Spirit of Zaic (oz13378)

 

Spirit of Zaic (oz13378) by Steve Higginson from Aeromodeller 2014 - plan thumbnail

About this Plan

Spirit of Zaic. For free flight or 2 channel radio control. Dual-purpose 36 inch hi-start glider.

Note this plan is a free download from the Aeromodeller site at: http://aero-modeller.com/revised-drawings-for-spirit-of-zaic-aeromodeller-924-novemberdecember-2013/

Quote: "Revision 2. Steve Higginson has redrawn the plans for the Spirit of Zaic (AeroModeller 924 Nov/Dec 2013) having instituted a few minor changes that have proved beneficial from flight testing and regular flying (mostly with regard to towing). For explanatory photographs, please see the original article."

Note this is a revised version of the drawings, later than the printed drawings that appeared in the magazine.

Quote: "The Spirit of Zaic. I believe there are very few aeromodellers out there who have not been influenced in some way by Frank Zaic. Frank and his brother John formed the Junior Aeronautical Supply Company, JASCO as it would become to be known, way back in 1933 as a way to supply the blossoming aeromodelling community in New York City with much sought after building materials.

During the 30s and post-war 40s, Frank and John, with the help of sister Christine would inspire JASCO to produce some of the most iconic glider designs in aeromodelling history. Through kits and Frank’s Junior Aeronautical Yearbook series of publications, the Zaics became the go-to source for quality products and accurate technical information. In fact, to this day, the Junior Aeronautical Yearbook series and other technical books like Glider Design and Circular Airflow are considered to be fountains of technical and reference material.

I have always been drawn to the purity and artistry of Frank and John’s designs. Pod and boom gliders, the beauty of the bird-like Wolf wing and those beautifully drawn plans with isometric views, have always spoken to me. As tribute to the Zaics and their legacy, The Spirit of Zaic is a compilation of design, construction, theory and science drawn from many Zaic sources to produce a compact 36-inch hi-start glider with the ability to be flown as a free flight or micro 2-channel radio assisted model.

My personal preference is for F/F, but the design was conceived with today’s R/C technology in mind and is easily adapted. Also, you will find the use of carbon-fibre and design features borrowed R/C sailplanes to affect the tail plane/DT. So, with that being said, let’s get started.

CONSTRUCTION: NOTE: The Spirit is intended as a project for mid to advanced level builders. Although the methods and materials for the build are standard and readily available, some phases of construction are complex and involved.

FUSELAGE: The fuselage is constructed very much in the Zaic tradition, with the exception of the boom, which is now of box construction utilizing square carbon-fibre pultrusion in place of the solid hardwood material so prevalent in many Zaic designs. The starting point is with the boom sides. I used 1/32 plywood on the prototype, but in hindsight, hard 1/32 balsa sheet would work fine and save a couple of grams of weight in the process. You may also notice (if you are familiar with high-performance R/C sailplanes) that the Spirit utilizes what is called a 'flying tail plane' for pitch control or for the D/T mechanism.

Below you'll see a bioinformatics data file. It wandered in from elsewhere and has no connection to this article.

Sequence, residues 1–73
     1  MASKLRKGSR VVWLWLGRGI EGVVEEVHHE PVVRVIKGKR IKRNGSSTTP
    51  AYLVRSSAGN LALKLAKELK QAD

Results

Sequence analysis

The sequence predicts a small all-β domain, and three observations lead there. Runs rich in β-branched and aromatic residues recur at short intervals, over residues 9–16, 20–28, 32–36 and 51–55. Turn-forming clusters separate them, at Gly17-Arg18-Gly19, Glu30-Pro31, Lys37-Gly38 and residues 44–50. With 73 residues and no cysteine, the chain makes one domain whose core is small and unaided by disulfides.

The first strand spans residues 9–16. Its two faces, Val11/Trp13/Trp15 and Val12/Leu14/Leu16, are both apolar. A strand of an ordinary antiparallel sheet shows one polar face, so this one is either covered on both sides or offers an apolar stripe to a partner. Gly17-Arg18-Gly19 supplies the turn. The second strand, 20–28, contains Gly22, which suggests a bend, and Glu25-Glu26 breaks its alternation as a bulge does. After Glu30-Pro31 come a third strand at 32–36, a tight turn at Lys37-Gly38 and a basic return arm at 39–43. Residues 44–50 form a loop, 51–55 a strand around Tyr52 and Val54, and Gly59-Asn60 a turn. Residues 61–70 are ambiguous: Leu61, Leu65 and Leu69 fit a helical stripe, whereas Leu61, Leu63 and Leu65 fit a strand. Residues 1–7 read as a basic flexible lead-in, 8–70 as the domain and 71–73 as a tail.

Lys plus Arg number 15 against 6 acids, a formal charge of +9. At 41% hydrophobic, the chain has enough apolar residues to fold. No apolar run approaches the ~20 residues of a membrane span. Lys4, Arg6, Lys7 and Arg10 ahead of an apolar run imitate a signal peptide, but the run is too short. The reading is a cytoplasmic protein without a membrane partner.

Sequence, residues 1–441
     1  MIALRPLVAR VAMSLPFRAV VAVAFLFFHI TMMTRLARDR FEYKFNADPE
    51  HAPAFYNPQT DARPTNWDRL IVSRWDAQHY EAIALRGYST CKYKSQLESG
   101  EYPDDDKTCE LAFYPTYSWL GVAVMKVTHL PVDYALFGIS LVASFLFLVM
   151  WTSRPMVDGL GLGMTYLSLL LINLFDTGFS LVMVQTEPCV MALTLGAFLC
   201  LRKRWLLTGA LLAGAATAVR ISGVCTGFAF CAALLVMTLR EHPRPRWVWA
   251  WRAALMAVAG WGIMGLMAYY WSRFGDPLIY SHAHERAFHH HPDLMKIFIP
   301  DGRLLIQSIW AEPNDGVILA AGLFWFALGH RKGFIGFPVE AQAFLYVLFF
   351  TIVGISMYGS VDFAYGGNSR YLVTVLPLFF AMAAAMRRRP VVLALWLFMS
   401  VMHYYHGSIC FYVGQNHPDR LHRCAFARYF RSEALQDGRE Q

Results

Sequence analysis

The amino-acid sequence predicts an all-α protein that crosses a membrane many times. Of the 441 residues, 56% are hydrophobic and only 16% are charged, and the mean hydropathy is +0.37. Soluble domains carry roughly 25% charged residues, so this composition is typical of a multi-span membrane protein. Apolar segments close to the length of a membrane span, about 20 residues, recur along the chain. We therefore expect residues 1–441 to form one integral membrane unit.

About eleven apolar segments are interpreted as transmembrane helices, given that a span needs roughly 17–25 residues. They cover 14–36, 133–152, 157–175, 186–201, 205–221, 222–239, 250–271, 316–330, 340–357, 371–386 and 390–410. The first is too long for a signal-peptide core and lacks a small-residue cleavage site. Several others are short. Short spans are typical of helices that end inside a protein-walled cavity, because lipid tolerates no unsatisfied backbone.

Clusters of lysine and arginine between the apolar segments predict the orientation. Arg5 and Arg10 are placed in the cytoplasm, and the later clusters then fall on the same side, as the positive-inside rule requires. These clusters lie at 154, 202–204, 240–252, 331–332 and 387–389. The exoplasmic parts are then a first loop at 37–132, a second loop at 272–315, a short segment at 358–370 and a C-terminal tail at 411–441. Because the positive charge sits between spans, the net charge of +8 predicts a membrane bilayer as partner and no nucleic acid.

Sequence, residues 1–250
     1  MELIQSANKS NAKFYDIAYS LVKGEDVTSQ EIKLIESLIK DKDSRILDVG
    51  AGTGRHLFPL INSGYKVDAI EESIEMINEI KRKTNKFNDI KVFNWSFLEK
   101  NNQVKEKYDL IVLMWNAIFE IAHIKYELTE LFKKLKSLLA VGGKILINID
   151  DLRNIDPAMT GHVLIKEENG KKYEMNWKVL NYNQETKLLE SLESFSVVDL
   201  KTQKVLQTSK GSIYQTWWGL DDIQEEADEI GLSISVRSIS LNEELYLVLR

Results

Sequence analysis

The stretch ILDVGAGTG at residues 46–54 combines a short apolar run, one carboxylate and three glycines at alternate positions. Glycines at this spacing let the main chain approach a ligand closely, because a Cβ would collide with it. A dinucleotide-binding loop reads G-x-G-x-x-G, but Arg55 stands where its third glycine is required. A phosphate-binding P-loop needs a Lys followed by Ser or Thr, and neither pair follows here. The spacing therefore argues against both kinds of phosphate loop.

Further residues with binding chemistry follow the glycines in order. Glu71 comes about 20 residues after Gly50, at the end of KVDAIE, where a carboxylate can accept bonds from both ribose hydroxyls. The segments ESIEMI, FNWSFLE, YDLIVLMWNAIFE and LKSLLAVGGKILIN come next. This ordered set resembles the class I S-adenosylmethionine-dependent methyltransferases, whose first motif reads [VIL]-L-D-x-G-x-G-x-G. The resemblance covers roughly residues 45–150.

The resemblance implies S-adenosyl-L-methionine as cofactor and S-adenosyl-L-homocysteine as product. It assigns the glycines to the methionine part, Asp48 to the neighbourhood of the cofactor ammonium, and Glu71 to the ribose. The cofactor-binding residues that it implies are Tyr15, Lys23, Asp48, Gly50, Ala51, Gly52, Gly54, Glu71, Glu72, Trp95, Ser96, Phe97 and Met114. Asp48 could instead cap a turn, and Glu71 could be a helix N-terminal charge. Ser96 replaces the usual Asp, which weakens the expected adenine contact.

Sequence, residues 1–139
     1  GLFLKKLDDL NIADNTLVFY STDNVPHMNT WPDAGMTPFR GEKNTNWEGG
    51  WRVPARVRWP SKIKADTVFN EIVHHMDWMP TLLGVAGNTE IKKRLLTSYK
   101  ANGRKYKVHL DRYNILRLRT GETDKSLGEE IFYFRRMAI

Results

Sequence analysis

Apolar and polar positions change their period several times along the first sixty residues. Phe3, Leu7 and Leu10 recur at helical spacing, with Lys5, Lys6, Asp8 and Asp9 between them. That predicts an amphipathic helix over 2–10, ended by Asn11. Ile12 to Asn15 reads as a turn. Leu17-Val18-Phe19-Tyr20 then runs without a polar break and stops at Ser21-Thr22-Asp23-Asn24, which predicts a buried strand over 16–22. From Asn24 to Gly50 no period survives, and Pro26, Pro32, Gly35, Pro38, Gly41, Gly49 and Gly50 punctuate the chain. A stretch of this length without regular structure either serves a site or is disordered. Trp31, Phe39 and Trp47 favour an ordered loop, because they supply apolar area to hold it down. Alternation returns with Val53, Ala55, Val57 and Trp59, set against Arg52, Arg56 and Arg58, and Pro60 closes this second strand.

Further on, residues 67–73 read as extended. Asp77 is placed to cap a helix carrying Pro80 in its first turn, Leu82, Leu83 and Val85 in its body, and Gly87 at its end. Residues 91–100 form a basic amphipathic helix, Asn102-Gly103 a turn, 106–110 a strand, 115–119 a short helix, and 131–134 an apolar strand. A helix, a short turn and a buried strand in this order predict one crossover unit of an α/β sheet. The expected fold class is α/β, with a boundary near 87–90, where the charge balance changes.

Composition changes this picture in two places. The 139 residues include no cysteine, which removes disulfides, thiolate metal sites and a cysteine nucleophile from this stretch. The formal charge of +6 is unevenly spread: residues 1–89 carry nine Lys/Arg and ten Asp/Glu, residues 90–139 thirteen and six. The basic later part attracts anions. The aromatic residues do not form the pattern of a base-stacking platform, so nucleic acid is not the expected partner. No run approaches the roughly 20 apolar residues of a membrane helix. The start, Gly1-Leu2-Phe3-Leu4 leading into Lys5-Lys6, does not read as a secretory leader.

The sides are mirror images of each other with the left side having a small service access panel under the tail plane. Its reason will become clear as we progress. Also, the holes for the D/T and auto rudder cables are specific for right and left sides. For the R/C version, the 2 holes on the left side just behind the wing T.E. are not necessary. Tape the two sides together and drill a 1/8 dia hole for the tail plane pivot shaft bushing. The pivot-bushing hole must be EXACTLY the same position on both sides or the T/P will not line up correctly. Drill a series of 5/64 holes to form the T/P sweep arc equidistance from the sweep shaft centre line (for R/C). For the F/F version, drill only half the arc below the centre line.

Cut two lengths of 1/8 sq carbon-fibre pultrusion to the lengths shown on the plan. You will notice that the pultrusion has a hole running down the centre. This hole serves as the tube for the D/T and A/R cables to run through. For the R/C version, these are the pushrod tubes. Cement the 2 carbon tubes to the right boom side with epoxy or CA.

Cut the balsa parts for the tail plane riser making sure to make the 1/8 gap in the L.E upright for the 2-56 decalage adjustment screw if you choose to make the F/F version. The decalage adjustment screw is not necessary for the R/C version. For the F/F version a music wire loop must be fashioned and epoxied to the 1/2 x 1/8 tail post block as an anchor for the D/T tension spring. CA the tail plane riser parts into place making sure not to get CA into the carbon tube centre holes.

For the F/F version it is a good idea to fit the bell crank, carbon pivot shaft bushing and the tension spring so you can make any adjustments before mating the left side to the boom. Not to worry, the service access panel will allow you to do this afterward, but it is a bit easier not having to work out your connections using needle nose pliers..."

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User comments

This out-Birds-of-Time the Bird Of Time itself (oz2093) :-)
Ok, ok, this wing plan shape was pretty common (and pretty pretty too!), the BoT may have been inspired by something from the Thermic series. Do a search for that name here in the OZ and you'll see what I mean.
Miguel - 18/10/2021
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